Many items of interest and irritation in today’s Washington Post relating to the economy and manufacturing.
Why overregulate leading U.S. innovators? “FDA approval process faulted at hearings on medical devices,” covering last week’s hearing on medical device regulation in the House Energy and Commerce Subcommittee on Health:
FDA leadership is in the process of overhauling the 35-year-old system used to clear most devices, triggering a slew of reports and analyses aimed at influencing the agency’s plans.
On the one side are device manufacturers, who say that FDA reviews have gotten longer and less predictable, forcing some companies to launch their devices overseas to stay in business. They say American patients no longer have access to the latest medical treatments, forcing some to fly to Europe for surgery.
Infrastructure took only 40 years? “Md.’s Intercounty Connector gets ribbon-cutting as opening is delayed for snow”:
Given that officials once thought the Intercounty Connector would open by 1970, the fact that they finally cut the ribbon on Monday and then postponed the opening until Wednesday seemed very much in keeping with the story line.
Jorge Arana, a Peruvian-born civil engineer who worked in countries around the world as a designer of industrial paper plants, sugar cane factories and earthquake-resistant buildings, died Feb. 15 at an assisted-living facility in Charlottesville. He was 92 and had Alzheimer’s disease.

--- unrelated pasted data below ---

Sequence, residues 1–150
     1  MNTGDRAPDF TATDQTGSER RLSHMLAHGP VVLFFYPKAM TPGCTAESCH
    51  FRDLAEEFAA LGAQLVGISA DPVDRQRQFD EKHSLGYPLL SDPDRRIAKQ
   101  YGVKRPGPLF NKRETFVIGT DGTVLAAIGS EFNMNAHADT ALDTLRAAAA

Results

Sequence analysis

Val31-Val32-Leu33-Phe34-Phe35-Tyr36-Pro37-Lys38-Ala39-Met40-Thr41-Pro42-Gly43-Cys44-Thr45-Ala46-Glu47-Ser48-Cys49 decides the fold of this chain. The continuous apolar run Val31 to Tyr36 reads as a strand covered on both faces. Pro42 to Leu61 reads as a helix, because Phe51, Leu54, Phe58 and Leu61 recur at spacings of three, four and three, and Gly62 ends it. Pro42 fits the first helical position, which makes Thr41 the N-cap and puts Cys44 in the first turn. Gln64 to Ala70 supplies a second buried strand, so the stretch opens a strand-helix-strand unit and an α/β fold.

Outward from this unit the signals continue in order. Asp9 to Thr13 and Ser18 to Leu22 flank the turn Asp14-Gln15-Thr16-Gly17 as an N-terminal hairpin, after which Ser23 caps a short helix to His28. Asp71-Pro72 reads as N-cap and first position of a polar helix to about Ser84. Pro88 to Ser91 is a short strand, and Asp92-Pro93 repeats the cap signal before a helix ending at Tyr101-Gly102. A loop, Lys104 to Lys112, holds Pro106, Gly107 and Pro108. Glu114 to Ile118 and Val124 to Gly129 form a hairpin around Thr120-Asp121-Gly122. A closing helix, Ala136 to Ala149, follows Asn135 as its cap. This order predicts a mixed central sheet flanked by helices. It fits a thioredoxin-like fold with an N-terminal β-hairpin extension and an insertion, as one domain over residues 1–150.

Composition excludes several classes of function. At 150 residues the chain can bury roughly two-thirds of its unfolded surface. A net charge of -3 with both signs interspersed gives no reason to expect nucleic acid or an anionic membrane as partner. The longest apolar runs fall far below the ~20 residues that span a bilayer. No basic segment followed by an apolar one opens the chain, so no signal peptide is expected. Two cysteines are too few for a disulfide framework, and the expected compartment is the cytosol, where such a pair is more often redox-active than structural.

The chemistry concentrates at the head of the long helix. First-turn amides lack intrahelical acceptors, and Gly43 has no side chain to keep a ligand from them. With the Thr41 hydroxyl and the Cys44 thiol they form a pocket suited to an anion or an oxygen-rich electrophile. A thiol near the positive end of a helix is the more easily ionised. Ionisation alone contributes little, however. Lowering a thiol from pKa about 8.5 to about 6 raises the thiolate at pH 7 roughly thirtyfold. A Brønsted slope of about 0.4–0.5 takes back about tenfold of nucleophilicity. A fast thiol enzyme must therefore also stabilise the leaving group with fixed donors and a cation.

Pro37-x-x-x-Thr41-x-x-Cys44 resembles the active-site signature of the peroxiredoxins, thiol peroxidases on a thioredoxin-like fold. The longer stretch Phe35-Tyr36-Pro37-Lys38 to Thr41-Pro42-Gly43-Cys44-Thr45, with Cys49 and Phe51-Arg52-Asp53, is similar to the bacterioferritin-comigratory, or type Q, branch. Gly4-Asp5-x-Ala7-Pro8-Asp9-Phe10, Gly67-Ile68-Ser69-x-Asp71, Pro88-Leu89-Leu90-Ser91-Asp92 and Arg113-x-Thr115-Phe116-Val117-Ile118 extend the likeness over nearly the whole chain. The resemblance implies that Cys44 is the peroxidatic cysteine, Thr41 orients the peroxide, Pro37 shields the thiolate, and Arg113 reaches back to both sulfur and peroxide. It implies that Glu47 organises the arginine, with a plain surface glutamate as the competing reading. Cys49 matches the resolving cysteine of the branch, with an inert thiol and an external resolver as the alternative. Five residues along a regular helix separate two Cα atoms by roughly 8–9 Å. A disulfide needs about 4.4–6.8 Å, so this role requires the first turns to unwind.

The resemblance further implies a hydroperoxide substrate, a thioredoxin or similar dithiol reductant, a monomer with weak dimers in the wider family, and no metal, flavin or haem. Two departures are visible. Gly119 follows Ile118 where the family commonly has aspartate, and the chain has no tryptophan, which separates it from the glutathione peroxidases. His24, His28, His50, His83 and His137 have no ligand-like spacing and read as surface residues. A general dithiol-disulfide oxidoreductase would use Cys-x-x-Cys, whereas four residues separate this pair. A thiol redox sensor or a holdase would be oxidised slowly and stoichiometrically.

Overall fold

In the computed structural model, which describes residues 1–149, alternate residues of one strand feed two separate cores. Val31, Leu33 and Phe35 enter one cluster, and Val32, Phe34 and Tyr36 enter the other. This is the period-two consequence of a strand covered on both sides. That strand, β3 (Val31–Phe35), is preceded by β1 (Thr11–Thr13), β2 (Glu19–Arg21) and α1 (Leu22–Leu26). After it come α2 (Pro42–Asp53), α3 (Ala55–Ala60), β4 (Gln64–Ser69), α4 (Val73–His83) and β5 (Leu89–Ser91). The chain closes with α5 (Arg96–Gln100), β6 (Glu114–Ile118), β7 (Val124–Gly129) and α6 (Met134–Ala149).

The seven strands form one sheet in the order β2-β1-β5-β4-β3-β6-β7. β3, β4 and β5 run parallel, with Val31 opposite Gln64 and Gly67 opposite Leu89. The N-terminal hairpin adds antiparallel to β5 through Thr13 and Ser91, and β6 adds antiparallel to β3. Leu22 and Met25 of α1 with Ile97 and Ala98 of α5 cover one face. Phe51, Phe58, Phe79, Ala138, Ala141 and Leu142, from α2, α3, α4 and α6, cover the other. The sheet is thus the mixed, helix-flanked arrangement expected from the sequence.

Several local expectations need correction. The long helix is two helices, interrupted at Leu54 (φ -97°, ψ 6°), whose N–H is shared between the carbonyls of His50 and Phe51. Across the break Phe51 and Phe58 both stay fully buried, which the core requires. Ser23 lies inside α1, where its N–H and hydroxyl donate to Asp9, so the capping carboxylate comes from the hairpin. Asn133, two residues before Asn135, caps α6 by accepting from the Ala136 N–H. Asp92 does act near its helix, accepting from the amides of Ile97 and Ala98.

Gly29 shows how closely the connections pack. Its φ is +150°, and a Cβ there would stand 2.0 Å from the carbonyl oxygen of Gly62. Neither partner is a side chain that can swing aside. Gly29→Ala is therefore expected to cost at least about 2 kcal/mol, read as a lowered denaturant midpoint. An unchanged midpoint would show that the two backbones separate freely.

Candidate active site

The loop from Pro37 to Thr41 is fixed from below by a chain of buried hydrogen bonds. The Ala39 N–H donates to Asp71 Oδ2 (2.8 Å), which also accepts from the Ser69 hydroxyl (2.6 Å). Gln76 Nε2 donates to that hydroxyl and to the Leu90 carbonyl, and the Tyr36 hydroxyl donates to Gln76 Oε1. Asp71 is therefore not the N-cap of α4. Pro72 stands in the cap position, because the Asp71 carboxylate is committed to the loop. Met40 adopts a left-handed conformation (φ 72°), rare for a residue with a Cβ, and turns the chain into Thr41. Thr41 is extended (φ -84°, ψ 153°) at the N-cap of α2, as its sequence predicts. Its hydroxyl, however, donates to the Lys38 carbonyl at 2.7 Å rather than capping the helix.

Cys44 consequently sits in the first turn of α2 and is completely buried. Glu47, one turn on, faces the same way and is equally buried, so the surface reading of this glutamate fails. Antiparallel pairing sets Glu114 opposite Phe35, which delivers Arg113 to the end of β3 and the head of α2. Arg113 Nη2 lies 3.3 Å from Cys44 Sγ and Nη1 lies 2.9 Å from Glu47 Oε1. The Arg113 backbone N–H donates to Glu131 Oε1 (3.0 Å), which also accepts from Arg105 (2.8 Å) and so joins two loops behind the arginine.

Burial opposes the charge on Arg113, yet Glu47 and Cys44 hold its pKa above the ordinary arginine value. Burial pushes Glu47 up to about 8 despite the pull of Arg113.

Mr. Arana worked for several multinational companies, notably W.R. Grace & Co., a company that was founded in Peru in the 19th century and had considerable business interests in South America. He and his brothers also founded an engineering company, Techo Rex, in the 1950s.
Good review, but why the gratuitous slam on Patrick O’Brian? “Book review: Carsten Jensen’s ‘We, the Drowned‘”:
Carsten Jensen’s epic unfolds across nearly 100 years, from 1848 to 1945. Interwoven stories play out in seaports all over the world, from Samoa to Newfoundland, but the men and the boys, and most of the women, are Marstallers, citizens of a tiny seafaring town on the Danish island of Aero, on the eastern side of the Jutland peninsula. The North Sea boils on the west, the Baltic on the east, and for centuries, Marstal ships – mostly wooden – sailed the seven seas.
And another predictable Tom Toles cartoon attacking business and industry. Makes one nostalgic for the subtle approach of Herblock.
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